Career Change: Identifying Your Transferable Skills

identifying transferable skillsIn any job search, how you present your skills and experience on your resume, curriculum vitae and in interviews makes a huge difference in whether hiring managers will consider you qualified to perform the job in question.  When you are trying to switch careers, this can be even more of a challenge.  Since you are applying to an industry or job category that you don’t have previous experience in, you can be easily overlooked as a qualified job candidate.  In any career change, identifying your transferable skills is the first step to making the case that you can perform the job in question.  Transferable skills for career changers refer to skills you have developed in past jobs that can be used for a wide range of different jobs.

What Are Transferable Skills for Career Changers?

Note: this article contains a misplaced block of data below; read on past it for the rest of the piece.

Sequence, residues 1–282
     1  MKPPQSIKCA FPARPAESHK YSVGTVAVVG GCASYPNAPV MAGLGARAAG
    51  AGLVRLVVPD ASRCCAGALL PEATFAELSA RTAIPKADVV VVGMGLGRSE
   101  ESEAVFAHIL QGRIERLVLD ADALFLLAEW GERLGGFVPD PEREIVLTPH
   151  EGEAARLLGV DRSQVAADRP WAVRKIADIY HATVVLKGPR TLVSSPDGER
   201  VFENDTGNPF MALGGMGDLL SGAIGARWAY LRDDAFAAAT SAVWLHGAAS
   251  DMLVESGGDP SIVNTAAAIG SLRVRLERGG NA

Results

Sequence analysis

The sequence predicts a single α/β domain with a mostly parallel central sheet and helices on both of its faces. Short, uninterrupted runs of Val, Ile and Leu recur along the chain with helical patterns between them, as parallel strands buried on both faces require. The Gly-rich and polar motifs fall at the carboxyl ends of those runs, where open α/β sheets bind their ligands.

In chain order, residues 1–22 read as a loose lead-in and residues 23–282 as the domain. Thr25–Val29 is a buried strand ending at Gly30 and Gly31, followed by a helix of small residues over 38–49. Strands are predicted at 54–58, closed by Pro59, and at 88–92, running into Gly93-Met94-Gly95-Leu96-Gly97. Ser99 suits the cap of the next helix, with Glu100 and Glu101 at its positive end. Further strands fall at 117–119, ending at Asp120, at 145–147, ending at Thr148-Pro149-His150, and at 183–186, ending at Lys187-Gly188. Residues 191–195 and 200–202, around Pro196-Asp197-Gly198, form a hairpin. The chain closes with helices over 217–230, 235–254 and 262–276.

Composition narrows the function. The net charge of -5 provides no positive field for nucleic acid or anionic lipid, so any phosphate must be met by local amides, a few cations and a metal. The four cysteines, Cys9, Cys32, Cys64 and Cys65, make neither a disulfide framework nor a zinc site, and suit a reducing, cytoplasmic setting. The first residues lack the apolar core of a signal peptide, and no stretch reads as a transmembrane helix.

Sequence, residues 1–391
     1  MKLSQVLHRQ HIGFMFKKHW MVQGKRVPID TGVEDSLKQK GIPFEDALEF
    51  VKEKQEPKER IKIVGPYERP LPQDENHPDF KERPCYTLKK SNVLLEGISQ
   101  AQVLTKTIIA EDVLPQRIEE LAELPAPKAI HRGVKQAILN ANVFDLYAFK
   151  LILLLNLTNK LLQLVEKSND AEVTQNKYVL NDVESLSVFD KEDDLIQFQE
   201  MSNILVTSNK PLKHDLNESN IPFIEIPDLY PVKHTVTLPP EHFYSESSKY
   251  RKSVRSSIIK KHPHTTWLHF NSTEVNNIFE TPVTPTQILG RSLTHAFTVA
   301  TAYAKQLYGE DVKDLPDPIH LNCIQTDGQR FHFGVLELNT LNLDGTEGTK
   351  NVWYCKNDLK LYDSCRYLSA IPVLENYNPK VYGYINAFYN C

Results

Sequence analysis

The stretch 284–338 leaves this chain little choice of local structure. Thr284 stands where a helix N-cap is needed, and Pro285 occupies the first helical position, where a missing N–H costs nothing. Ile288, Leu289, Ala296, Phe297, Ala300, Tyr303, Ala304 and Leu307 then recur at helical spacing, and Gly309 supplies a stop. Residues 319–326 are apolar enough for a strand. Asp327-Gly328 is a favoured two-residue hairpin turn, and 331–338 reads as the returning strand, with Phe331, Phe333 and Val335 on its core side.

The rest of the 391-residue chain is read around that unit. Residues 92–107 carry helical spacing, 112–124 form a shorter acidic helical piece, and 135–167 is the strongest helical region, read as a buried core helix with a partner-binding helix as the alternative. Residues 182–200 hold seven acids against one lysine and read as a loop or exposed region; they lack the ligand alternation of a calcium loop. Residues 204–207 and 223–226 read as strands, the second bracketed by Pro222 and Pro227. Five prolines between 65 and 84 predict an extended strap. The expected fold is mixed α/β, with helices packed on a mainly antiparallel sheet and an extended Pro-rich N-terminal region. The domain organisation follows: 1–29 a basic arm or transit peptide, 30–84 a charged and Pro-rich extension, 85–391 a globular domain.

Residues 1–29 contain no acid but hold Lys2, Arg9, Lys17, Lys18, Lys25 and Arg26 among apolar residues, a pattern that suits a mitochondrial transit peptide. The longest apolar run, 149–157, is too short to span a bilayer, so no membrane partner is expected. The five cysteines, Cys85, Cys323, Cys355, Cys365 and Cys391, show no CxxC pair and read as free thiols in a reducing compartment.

To give you an idea of common transferable skills for career changers, here are some examples:

  • Interpersonal skills such as listening, negotiating, persuasion, customer service and teamwork.
  • Knowledge of computer programs used in many jobs and industries.
  • Technical skills such as creating spreadsheets, fast typing speed, social media and computer programming.
  • Business skills such as project management, time management, developing budgets, problem solving, event planning and giving presentations.

For example, say you have spent years as a paralegal and are looking to switch to a career in information technology project management. In your CV and interviews you can highlight your knowledge of relevant computer programs and technical skills you developed as a paralegal such as your ability to type 90 wpm.

Presenting Career Change Transferable Skills on Your Resume or CV

In a career change, it’s important that you identify transferable skills you have that are the most relevant to the job you are applying to.  In your resume or cover letter, you only have so much room to display your qualifications, and hiring managers spend an average of 6 seconds looking at your resume before deciding whether to consider you for the job.  No matter how impressive some of your past accomplishments may be, if they don’t clearly demonstrate skills that make you a good fit for the new career you are pursuing, leave them out.